Red Pepper Lentil Soup with Cumin and Black Pepper

Adapted from The Zuni Café Cookbook

My good friend AJ introduced me to the wonder that is Judy Rodger’s cooking. Such a treat! This soup, from the cookbook bearing the name of her delightful San Francisco restaurant, is both flavorful and versatile. If you happen to be in the Bay Area, a visit to her restaurant is a must. This soup is also easy to prepare – perfect for a busy fall evening when you need dinner in a half hour. Add a chunk of warm crusty bread and a green salad and…dinner is served.

  • 3 tablespoons olive oil, divided
  • 1 cup finely diced sweet red pepper
  • ½ teaspoon whole black peppercorns
  • ¼ teaspoon ground cumin
  • 1 large carrot, finely diced
  • 2 celery stalks, finely diced
  • ¼ cup finely diced yellow onion
  • 2 garlic cloves, smashed and roughly chopped
  • 1 bay leaf
  • 1 sprig fresh Italian parsley, chopped (leaves and stem)
  • 1 cup dark lentils (black beluga or French green)
  • 2 cups water
  • 1 cup vegetable juice or chicken stock
  • ½-1 teaspoon salt*
  • In a heavy-bottomed saucepan, heat 1 tablespoon of olive oil over medium heat. Add the diced pepper and cook until it begins to soften and color slightly, about 5 minutes.
  • Crush the peppercorns roughly and add to the peppers along with the cumin. Cook for another minute, until fragrant. Add the remaining 2 tablespoons of oil, carrot, celery, onion, garlic, bay leaf, parsley, water and vegetable juice or chicken stock. If you are using dried lentils, add them at this time. Bring the soup to a simmer and allow it to cook uncovered for 15 minutes, until the lentils and vegetables are soft. (If you are using cooked lentils, let the vegetable mixture simmer uncovered for 10 minutes to soften the vegetables, then add the cooked lentils until heated through). Turn off the heat, cover and allow to rest for 5 minutes to let the flavors meld and the lentils soften a bit more. Taste the soup at this time and add the salt if necessary. Remove the bay leaf.
  • One of the lovely things about this soup is that you can serve it as is or you can puree it. Both ways are delicious, so it’s up to you. If you decide to puree the soup, add it in small batches to a blender and pulse until the consistency is to your liking. If you find that it’s too thick, you can add a little more water, stock or vegetable juice to thin it. I like to use an immersion blender, which allows you to easily blend it to the desired consistency. Serve immediately and enjoy.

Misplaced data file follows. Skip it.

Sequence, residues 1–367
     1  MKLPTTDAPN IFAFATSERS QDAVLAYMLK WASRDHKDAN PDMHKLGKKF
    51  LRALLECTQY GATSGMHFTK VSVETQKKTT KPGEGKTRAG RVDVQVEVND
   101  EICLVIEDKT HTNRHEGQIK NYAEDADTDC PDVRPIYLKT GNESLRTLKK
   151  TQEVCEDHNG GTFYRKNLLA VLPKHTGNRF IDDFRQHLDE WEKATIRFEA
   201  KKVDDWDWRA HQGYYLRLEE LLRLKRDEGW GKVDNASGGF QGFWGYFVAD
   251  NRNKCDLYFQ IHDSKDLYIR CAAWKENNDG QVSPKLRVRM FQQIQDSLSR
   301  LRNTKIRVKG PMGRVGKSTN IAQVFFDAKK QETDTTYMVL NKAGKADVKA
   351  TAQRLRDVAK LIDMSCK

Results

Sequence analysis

• Quick Tips
  • 1. The black peppercorns give this soup a distinct flavor. Crushing them more finely distributes the flavor a bit better. If you’d like a more subtle pepper flavor, cut the black peppercorns to ¼ teaspoon and crush them well. This is also a good tip to keep in mind for kids with spice-sensitive palates.
  • 2. I like to use precooked black beluga lentils (Trader Joe’s carries them on the shelf near the rice and pasta) to cut back on the preparation time. I don’t bother to measure these and just dump in the whole 8 oz. package. If you prefer to use dried lentils, pick them over well, rinse them and measure out 1 cup. You may need to add more liquid if they absorb the water/juice/stock quickly.
  • 3. Chicken stock can be used instead of or in combination with the water and vegetable juice. I’ve made several permutations and been happy with the results. Remember to adjust your salt according to the sodium content of the stock as well.
  • *Salt measurement will vary depending on the sodium content of the vegetable juice or chicken stock. Taste the soup before adding salt and add ½ teaspoon at a time until it’s to your liking.

Preparation time: 15 minute(s)

Cooking time: 35 minute(s)

Number of servings (yield): 4

2 responses to “Red Pepper Lentil Soup with Cumin and Black Pepper”

  1. Royce says:

    This looks awesome! Thanks for posting another yummy veg recipe. I’ll probably avoid the peppercorns b/c of kids, but I often add some chopped spinach to my lentil soups, partly for the added iron but also for the added pop of color.

    • Alicia says:

      Yes, the pop of color should not be underestimated. And looking at this photo (which I took a while ago), I’m realizing it needs an update! :-)

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